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Nov 11, 2020

Smart Startups Build Support Networks

Sponsored Content provided by Diane Durance - Director, UNCW Center for Innovation and Entrepreneurship

Contributed by Keith Markfield

As entrepreneurs we often set out to solve a problem with an idea and passion. The pace of startup life is fast and furious as you’re finding your fit in the market and gaining traction. Ferris Bueller famously said about life that if you don't stop and look around once in a while, you could miss it. The same holds true for a startup. You need to regularly pause to reflect, plan and iterate. This can be a challenge for first-time entrepreneurs or a one-person company.
 
Without the ability to bounce ideas off someone, we often get lost in the weeds or focus on the wrong things that we think are important but don’t matter to the customer. So where do we find that advice?
 
A few years ago, I ran into this issue firsthand when I started Moor For Less. At the time, there was no formal mentoring program in town. Luckily, I had some like-minded friends in my life with different skill sets. We decided to meet once a month over breakfast to “co-mentor” each other. The idea was simple; get a trusted opinion and perspective from an outsider with marketing/technology/financial experience under his/her belt. Talking through things in this way immediately proved valuable. Working with other entrepreneurs at various stages has proven to be the biggest help in staying focused and getting “unstuck”. I had the added benefit of finding a business partner through co-mentoring. Having a good rapport with someone whose experience and skills complement yours can quickly create a powerhouse team that can do great things.
 
When you’re starting a business, mentors provide the ability to have a “team” with the added benefit of learning from paths they’ve already walked. Even if you have a team in place, a mentor team can provide valuable outside perspective. Until you’ve built your company to the point of having a board, relying on mentors for experience, advice and connections is vital. Having a large mentor group that can tap into its own network has also proven to help move startups beyond their milestones. Whether it be manufacturing know-how, writing a business plan, marketing, sales, grant writing or anything else, mentors can cover many of the knowledge gaps needed to succeed and point you in the right direction.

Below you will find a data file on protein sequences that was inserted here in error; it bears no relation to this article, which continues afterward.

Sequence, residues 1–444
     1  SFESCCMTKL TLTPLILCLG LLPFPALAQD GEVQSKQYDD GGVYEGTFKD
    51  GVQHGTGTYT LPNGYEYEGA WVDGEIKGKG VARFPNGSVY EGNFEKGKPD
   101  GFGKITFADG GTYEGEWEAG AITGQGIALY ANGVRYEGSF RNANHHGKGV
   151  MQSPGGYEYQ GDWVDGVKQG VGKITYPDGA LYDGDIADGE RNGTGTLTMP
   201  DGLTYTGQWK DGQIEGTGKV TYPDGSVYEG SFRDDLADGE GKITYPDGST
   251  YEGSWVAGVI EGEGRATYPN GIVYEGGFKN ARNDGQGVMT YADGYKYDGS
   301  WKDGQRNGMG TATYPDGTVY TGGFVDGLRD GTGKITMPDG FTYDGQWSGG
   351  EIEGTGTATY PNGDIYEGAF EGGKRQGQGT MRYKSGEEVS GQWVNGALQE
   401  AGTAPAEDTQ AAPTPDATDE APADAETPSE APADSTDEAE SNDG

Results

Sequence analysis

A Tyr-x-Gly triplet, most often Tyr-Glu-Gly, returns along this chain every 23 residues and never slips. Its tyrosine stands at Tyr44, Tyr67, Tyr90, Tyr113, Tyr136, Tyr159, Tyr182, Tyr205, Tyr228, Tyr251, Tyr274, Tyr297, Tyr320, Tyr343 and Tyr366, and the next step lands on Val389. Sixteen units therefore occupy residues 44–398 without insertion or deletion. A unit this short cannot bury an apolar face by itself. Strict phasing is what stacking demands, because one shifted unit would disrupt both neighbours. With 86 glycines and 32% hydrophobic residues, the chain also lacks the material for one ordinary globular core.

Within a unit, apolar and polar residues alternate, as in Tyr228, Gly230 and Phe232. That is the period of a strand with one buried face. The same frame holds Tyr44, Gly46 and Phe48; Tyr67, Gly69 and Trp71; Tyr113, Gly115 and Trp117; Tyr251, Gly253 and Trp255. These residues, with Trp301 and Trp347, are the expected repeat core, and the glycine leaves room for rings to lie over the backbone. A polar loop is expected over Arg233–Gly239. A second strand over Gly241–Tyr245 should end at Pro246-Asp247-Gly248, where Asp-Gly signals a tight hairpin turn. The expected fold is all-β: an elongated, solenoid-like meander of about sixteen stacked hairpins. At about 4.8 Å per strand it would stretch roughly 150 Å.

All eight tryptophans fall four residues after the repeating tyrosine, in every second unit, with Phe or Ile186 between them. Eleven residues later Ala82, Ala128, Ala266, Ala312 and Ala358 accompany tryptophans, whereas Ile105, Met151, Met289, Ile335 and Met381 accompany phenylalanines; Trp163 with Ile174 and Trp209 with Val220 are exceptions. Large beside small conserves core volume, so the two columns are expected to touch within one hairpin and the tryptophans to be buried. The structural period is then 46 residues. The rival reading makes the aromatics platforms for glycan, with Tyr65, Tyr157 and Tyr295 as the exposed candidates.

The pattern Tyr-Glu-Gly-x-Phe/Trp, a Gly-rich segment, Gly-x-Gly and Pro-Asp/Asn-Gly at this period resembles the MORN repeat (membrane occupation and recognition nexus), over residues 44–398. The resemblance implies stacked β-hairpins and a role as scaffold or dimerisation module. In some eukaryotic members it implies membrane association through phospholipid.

UNCW’s CIE has built a formal mentoring program that has proven valuable to entrepreneurs in securing funding as well as hitting milestones. If that’s not for you, you can start your own co-mentoring group or meet like-minded entrepreneurs through N.E.W. (the Network for Entrepreneurs in Wilmington).
 
Mentors can, and should, only take you so far. I cannot stress the importance of getting connected into the ecosystem in the area. If you’re brave enough to start your own company, be brave enough to introduce yourself to the like-minded people around you. Wilmington’s startup future is bright thanks to the people and groups that have stepped up to build the foundation we need. The best way for each of us to continue this trend is to provide value to those around you. Be a giver of yourself. Your experience and expertise matters and can help another entrepreneur get unstuck.
 
Keith Markfield is a software architect and developer. He is currently a partner in Greenlight Ventures, a software and innovation incubator that uses new and existing IP and resources to nurture startups from creation to exit. He is also the founder of Moor For Less, a marketplace for buying, selling and renting boat slips. https://www.linkedin.com/in/keith-markfield-7987924

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